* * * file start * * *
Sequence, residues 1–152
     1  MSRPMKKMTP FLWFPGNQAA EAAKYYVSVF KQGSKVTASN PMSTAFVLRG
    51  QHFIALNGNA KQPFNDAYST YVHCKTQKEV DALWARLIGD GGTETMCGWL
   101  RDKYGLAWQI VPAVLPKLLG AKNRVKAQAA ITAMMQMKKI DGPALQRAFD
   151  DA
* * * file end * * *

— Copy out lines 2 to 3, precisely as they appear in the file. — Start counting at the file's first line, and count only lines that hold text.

     1  MSRPMKKMTP FLWFPGNQAA EAAKYYVSVF KQGSKVTASN PMSTAFVLRG
    51  QHFIALNGNA KQPFNDAYST YVHCKTQKEV DALWARLIGD GGTETMCGWL